Gerardo Olivares was coming straight out of the wonderful world of documentary film making when he co-wrote (with Chema Rodriguez) and shot his first narrative feature, La Gran Final (2006).

Gran Final chronicles the various funny attempts of three different tribal groups of natives trying to catch the upcoming TV transmission of FIFA’S 2002 world Cup final between Brazil and Germany. What seems like an easy task, sitting in the comfort of your home, armed with your remote control, can become way more complex when you are part of a nomad tribe in the far remote Asian steps of Altai (Russian federation), a Tuareg clan in the middle of the Sahara Desert or indigenous hunters of the Amazon.

Olivares films rely on sublime scenery from various corners of the Earth and a cast consisting mostly of non-professionals, thus proposing a refreshing take. Most of all, although it is a comedy, the depiction of the various mobs on the run to find the right spot to enjoy the game, while making various funny alliances with other groups to get to it before the first whistle, dignifies its characters.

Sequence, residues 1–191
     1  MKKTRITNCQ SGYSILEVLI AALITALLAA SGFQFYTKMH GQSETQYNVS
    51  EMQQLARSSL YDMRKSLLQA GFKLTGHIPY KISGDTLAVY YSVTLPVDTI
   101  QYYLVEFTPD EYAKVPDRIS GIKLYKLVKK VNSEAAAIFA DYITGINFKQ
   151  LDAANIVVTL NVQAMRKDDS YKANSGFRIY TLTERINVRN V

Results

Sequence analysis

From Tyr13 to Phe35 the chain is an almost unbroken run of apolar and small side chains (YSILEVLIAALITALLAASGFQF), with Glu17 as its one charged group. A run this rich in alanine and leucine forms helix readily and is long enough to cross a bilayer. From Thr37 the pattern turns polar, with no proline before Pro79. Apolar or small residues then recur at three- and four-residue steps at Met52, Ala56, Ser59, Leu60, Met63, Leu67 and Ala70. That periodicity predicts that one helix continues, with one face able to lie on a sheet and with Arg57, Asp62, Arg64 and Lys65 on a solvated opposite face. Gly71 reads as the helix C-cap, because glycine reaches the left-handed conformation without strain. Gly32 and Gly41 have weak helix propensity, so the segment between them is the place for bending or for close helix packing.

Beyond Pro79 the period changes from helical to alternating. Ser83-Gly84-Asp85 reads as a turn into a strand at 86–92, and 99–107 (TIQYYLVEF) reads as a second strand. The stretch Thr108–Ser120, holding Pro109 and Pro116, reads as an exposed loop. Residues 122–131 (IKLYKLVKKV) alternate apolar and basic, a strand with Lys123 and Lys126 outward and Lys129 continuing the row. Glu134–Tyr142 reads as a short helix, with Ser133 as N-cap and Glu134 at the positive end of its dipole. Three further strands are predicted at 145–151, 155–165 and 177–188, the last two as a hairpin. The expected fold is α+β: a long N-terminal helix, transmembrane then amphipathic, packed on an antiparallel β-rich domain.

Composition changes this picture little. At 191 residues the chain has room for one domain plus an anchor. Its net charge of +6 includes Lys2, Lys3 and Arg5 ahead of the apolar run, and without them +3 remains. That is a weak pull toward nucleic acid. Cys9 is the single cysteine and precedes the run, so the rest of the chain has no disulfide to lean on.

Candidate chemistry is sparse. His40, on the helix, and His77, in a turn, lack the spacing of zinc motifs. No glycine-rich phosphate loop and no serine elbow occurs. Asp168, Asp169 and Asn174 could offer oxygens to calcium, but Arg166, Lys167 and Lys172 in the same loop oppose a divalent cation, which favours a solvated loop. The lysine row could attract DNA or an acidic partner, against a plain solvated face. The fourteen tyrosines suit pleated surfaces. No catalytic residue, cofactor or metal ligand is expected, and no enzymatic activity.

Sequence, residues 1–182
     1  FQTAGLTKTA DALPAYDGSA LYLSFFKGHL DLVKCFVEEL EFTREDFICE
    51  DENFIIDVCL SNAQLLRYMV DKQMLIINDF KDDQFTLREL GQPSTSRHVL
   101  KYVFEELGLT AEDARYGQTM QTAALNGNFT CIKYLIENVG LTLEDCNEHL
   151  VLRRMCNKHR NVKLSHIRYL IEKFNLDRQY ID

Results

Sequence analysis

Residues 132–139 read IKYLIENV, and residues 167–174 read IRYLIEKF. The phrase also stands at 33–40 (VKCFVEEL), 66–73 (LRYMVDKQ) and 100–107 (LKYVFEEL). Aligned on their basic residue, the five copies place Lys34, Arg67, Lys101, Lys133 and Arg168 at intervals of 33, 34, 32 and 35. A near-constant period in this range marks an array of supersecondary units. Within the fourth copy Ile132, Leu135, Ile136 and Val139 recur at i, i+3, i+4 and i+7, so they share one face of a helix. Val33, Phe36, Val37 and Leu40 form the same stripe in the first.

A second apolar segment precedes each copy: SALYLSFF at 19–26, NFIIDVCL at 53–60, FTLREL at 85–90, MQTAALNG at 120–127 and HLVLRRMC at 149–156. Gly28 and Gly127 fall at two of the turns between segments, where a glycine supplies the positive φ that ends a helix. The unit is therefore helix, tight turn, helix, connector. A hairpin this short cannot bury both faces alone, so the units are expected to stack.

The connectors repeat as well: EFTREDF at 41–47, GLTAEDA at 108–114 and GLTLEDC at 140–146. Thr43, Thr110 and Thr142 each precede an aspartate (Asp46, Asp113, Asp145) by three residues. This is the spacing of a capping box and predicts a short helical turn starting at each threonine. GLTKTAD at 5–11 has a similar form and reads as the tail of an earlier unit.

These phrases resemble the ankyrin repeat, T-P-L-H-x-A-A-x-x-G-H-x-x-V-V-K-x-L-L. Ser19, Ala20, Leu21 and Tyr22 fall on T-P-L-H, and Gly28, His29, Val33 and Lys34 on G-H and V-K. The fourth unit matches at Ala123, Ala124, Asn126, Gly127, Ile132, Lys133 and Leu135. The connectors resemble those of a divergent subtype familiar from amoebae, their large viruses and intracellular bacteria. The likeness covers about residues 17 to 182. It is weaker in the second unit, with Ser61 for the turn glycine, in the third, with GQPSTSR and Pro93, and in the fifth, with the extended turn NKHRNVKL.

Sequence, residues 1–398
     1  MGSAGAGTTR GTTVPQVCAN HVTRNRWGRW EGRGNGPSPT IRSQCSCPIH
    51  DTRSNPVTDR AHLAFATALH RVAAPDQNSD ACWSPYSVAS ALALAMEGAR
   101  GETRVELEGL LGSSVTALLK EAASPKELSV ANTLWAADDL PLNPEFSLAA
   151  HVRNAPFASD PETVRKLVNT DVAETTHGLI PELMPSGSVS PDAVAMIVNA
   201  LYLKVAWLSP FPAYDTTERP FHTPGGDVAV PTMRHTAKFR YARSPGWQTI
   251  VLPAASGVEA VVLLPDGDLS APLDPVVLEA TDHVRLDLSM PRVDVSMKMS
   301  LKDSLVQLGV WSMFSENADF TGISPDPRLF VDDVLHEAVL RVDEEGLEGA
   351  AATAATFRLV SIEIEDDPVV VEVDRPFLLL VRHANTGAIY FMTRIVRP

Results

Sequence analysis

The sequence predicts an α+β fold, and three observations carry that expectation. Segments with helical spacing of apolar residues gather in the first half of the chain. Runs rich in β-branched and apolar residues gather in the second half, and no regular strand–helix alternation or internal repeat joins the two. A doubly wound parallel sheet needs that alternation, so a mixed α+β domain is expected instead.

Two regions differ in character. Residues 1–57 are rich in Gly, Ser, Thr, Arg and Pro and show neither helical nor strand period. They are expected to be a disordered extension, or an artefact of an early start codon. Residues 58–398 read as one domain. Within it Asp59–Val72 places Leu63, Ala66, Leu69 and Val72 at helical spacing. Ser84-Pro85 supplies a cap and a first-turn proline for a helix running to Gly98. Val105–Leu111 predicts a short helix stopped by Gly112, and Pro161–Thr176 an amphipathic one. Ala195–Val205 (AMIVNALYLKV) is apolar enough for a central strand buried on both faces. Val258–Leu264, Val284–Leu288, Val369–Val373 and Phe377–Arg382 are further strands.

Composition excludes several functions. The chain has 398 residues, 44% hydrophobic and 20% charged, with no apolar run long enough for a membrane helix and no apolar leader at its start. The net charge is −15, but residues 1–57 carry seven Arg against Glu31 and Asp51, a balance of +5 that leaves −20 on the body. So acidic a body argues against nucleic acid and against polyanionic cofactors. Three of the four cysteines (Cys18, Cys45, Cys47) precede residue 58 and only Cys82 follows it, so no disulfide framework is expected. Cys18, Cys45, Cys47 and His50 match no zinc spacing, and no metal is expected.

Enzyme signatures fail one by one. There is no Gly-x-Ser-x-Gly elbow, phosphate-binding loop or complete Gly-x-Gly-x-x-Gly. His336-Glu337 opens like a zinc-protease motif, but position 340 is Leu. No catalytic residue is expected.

Due to the nature of its making, the ensemble cast in Gran Final may be uneven but mainly it is surprisingly good in its riveting honesty. They are beautiful, clever and they do provide solid ground of clever entertainment value.

In crafting their tale of communication, Olinares and Rodriguez propose highly  amusing characters and silly situations, but they never make fun of them. The outcome is far less questionable than classics like Jamie Uys’ The Gods Must be Crazy (1980).

Without getting heavy or preachy, the makers manage to tackle, as a metaphor, a few questions about cultural appropriation, stuck between a painful past and joining the new world in its celebration of a unique God that is the black and white ball. The Asian nomads changing their routes to follow electric lines (so they can watch TV) is one powerful allegory. But when the first whistle is heard, the contemporary settings come together and even a Tuareg chief who usually prevents himself from talking to others might venture into a short tactical analysis of the game.

A game bringing all together.

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